This weekend the CRGC fellows hosted the university’s first regional interfaith conference, titled Intersections of Interfaith. In the months we spent planning this event, we all made the consideration of the spiritual and logistical needs of our invitees a top priority. Every week I took pride in watching the other fellows advocate for not only the needs of spiritual groups they identified with, but to groups we see are marginalized in our society. As a member of the hospitality committee and a workshop facilitator, I had many opportunities to reflect on my consideration of the spiritual groups outside my own, and my personal biases that have held me back in the interfaith community.
Growing up in a church with a tight relationship with the other Abrahamic faiths in our community, I was aware of and excited by interfaith. I was no stranger to cosponsored service trips with Churches of other denominations, and other Abrahamic youth groups. I considered myself open, knowledgeable, and experienced. While my exposure to other faiths was a great start for my journey, a problematic belief remained; the idea that Christians, Jews, and Muslims working to serve our shared God and community was enough. I only considered interfaith from the lense of my Abrahamic bubble. I had never considered that the presence of Hindus, Jains, Pagans, Secularists, etc. in the world meant that I had to consider them in my thoughts of interfaith, much less that they were a part of my interfaith community. My experiences as an interfaith fellow have shown me that interfaith is so much more than groups I can relate to. My responsibility as a Christian is to acknowledge faiths that are dissimilar to my own, hear them, and help provide a space for them to be heard by others.
On top of faiths I was previously blind to, I have been confronted with my biases against faith groups similar to my own. As a reformed Christian in a liberal town it was easy for me to choose to surround myself with like minded people. Though my religious social circle was diverse in terms of Abrahamic affiliation or Christian denomination, we were all of reformed faith with liberal ideologies. A disregard for orthodox, traditional, or conservative ideologies was common. As I grew older, I learned to respond to comments that did not align with my values with a simple eye roll. My traditions were reformed and therefore “right”. How could I create an inclusive and fruitful dialogue in my workshop if I blocked out everyone with traditions and beliefs different from my own? I could not. To achieve my goals for the workshop I made the conscious effort to be uncomfortable. I listened without the expectation of being heard. I reflected on the privilege my identity gives me and encouraged others to do the same.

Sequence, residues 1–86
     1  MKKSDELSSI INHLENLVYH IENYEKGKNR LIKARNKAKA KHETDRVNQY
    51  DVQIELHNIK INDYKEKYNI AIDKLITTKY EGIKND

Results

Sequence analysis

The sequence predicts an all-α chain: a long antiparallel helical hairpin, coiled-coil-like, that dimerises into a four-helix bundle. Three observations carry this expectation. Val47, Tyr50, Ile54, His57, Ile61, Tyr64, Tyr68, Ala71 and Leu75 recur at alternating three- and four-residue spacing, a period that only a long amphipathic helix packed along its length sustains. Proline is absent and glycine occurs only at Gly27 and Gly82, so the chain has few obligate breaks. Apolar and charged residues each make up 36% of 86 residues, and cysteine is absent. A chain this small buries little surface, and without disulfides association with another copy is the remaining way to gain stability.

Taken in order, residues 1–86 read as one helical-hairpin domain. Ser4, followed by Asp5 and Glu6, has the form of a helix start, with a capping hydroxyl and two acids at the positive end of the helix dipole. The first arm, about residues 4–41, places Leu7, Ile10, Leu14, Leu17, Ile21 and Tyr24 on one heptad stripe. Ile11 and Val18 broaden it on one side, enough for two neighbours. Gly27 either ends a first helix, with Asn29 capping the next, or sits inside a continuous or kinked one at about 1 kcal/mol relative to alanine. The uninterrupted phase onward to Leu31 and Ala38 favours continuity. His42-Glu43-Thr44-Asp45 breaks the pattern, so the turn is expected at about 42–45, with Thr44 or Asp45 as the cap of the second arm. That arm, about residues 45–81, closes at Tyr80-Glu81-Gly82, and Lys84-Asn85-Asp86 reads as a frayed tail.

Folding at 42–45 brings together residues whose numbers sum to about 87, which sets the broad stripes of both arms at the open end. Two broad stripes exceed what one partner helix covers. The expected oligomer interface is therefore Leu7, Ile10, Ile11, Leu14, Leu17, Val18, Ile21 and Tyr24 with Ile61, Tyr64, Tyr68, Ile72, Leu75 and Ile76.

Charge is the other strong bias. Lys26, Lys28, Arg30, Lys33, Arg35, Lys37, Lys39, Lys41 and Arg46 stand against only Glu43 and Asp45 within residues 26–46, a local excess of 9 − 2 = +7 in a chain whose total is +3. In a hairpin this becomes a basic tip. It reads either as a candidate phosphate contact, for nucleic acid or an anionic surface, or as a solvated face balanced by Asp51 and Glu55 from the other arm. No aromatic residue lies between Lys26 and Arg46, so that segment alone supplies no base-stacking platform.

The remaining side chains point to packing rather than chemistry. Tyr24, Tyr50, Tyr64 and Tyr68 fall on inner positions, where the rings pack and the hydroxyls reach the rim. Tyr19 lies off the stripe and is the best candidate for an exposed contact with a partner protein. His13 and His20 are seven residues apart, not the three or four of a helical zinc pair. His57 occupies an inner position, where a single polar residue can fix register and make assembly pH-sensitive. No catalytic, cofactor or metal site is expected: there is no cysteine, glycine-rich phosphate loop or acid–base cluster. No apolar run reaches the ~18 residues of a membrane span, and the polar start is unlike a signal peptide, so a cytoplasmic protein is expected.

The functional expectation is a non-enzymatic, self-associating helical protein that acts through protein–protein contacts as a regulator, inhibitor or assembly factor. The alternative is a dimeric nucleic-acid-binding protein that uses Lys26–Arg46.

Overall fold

I am never going to be perfect. There will always be perspectives I have not considered, or biases I unintentionally have. But as a member of the interfaith network I am always becoming better, kinder, and more aware. The power of exposure to ideologies that are dissimilar to mine, and the constant encouragement to confront my preconceived notions of what faith is, and what it should look like, brings me ever closer to becoming the person I believed I was at the beginning of my journey through the interfaith network.
– Hannah Kwiatkowski